Alaska GOP Senate candidate Joe Miller has acknowledged that he was disciplined for violating an ethics policy while working as a local government attorney in 2008.
The admission came Sunday night in an Anchorage debate with two rivals followed a judge's order that his personnel file from his time at the Fairbanks North Star Borough be released. Several news organizations had sued for the information.
Speculation over the issue and Miller's earlier refusal to discuss it had become a key topic of the campaign.
After a former borough mayor said Miller was nearly fired for using government computers in a failed effort to oust the state GOP chairman in 2008, Miller told CNN he had violated ethics policy.
On Sunday, Miller said he was suspended for or docked three days' pay for participating in a private poll during his lunch hour. He said it was a mistake he's learned from.
Miller's critics have questioned his character in light of the issues stemming from his employment and disclosures that his family had received federal government benefits like Medicaid, unemployment and farm subsidies _ benefits the fiscal conservative has raised concerns with as a candidate. Miller has said he no longer receives benefits.
Sen. Lisa Murkowski, who's running as a write-in candidate after losing the GOP primary to Miller, questioned his fitness to serve in the Senate _ a comment that drew loud jeers from the debate audience in Anchorage.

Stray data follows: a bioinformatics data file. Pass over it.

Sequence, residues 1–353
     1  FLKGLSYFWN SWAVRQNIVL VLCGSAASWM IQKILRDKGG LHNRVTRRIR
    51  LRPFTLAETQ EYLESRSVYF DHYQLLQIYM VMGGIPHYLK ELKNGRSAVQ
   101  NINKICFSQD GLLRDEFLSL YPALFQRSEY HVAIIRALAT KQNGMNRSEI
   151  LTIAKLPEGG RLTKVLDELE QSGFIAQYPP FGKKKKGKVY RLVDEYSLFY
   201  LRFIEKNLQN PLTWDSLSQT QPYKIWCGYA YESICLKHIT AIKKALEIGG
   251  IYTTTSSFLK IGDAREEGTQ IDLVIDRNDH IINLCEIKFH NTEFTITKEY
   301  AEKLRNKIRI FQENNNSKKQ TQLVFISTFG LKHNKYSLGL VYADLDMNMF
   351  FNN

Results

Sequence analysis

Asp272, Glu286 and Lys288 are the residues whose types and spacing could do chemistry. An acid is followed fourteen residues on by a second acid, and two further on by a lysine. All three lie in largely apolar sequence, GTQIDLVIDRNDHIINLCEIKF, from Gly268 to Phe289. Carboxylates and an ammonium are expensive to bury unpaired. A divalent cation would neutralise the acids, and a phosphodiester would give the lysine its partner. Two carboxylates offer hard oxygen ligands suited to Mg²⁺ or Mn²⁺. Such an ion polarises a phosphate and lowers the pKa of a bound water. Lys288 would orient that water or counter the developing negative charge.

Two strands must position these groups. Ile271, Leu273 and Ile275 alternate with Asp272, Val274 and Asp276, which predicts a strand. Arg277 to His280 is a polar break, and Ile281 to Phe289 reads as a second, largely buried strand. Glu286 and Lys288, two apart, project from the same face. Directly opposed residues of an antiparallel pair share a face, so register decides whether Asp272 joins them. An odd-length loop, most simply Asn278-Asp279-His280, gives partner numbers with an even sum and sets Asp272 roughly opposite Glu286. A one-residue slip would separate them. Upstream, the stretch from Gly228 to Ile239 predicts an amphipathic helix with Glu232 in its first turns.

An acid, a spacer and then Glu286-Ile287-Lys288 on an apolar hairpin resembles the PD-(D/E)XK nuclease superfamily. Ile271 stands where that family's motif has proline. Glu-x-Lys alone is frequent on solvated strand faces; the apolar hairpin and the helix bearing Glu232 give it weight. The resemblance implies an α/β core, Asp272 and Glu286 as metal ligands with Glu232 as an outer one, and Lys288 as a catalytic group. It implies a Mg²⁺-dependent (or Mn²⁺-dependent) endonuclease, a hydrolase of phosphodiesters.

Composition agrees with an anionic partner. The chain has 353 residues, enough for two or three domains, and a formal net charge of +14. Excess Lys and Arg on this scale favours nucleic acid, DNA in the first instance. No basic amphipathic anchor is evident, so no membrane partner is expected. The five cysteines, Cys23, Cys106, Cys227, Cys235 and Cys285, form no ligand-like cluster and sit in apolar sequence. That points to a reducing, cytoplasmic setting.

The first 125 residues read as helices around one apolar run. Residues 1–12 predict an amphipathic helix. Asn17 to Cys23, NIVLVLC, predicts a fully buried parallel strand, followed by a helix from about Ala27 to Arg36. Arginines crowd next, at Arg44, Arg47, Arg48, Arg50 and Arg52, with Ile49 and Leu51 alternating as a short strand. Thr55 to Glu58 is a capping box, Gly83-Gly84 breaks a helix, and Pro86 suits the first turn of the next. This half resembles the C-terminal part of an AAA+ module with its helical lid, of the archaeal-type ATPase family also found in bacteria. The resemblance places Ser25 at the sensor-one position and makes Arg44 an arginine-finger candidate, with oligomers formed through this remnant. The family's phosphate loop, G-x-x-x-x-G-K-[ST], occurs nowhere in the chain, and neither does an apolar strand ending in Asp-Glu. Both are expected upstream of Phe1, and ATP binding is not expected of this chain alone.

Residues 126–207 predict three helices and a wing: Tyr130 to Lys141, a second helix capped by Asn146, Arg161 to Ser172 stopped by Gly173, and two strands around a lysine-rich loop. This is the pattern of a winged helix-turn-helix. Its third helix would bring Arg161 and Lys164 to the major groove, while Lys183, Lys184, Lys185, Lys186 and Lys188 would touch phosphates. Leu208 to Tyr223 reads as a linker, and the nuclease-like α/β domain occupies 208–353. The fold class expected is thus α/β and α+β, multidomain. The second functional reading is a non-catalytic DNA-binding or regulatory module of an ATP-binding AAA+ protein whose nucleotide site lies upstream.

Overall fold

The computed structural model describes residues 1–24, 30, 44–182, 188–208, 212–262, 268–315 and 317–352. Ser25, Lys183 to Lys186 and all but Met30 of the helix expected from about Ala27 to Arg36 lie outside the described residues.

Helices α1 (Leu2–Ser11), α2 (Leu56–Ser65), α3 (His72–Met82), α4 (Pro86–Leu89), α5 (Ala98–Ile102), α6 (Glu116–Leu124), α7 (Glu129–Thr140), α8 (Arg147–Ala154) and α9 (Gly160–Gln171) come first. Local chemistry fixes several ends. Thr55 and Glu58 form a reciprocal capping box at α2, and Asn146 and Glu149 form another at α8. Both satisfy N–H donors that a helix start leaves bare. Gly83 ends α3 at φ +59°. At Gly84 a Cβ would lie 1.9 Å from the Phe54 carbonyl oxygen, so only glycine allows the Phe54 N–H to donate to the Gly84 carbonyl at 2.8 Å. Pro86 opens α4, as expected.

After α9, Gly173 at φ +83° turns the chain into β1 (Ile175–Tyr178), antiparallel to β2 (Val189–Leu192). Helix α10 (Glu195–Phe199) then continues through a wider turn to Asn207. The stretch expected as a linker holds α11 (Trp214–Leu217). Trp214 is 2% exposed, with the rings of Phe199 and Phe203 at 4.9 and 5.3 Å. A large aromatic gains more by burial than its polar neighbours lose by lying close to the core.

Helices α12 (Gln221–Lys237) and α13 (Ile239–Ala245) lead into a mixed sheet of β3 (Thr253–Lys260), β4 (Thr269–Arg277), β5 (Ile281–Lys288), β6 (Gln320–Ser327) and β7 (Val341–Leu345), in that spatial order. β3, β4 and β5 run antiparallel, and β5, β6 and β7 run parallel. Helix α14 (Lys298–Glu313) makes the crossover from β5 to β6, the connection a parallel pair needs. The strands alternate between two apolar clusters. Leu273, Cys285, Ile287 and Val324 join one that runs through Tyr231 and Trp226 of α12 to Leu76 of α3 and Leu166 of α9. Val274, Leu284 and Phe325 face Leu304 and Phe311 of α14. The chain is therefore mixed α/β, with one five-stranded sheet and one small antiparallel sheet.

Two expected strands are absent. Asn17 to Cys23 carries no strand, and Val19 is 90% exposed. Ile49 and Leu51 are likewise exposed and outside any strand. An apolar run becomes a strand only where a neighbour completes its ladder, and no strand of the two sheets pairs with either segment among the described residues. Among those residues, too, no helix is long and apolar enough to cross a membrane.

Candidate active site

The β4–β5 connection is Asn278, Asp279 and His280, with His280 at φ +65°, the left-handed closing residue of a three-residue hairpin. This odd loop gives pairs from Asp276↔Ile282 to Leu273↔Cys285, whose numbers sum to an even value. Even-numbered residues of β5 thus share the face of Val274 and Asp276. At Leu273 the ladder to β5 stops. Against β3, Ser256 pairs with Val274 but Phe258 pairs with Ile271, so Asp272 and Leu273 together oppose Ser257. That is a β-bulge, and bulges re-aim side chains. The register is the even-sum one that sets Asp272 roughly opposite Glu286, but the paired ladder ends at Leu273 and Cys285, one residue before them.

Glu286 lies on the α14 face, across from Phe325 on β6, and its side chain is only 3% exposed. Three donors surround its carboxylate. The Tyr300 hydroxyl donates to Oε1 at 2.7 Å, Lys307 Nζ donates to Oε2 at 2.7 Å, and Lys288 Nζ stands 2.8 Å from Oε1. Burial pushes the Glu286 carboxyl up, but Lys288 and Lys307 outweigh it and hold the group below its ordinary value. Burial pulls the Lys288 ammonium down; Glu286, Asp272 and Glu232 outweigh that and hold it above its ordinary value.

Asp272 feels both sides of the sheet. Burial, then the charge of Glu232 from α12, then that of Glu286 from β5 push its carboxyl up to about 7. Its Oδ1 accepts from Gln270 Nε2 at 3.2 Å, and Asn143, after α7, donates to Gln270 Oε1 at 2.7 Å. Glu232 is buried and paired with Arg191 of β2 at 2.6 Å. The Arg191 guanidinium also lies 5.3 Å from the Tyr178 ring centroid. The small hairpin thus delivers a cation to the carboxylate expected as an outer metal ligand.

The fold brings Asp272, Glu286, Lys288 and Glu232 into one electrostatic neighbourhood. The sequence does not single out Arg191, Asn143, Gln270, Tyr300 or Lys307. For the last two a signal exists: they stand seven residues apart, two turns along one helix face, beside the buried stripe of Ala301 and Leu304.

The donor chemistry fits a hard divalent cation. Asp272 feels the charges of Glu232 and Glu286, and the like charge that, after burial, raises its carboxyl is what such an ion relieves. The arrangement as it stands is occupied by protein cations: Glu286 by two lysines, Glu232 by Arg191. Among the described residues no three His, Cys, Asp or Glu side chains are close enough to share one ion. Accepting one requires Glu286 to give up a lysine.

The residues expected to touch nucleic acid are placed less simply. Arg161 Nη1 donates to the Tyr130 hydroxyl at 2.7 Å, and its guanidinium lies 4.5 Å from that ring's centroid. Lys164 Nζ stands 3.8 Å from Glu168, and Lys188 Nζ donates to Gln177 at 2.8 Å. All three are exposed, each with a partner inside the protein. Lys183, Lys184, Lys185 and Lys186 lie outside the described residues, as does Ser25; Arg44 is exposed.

Miller said Alaskans probably know more about him than any other candidate. And he said that's probably a good thing because they "get to understand that, hey, they're electing somebody like them."
During a sometimes tense debate that also included Democrat Scott McAdams, Miller questioned Murkowski about her own past and a land deal in which she bought property in what some saw as a sweetheart deal. She had said she thought she'd paid fair market value and later sold it back.
She countered that her life has been open to scrutiny and took aim at Miller for being months-late in filing a required financial disclosure. She asked Miller what he thinks his fellow West Point graduates would think about the way he's conducted himself.
He said there are West Point graduates working on his campaign who know his "warts and all" and stand behind him "proudly."
He accused her campaign of working to dig up dirt on him and to "cheat" voters of a substanative debate on the issues facing the state and nation.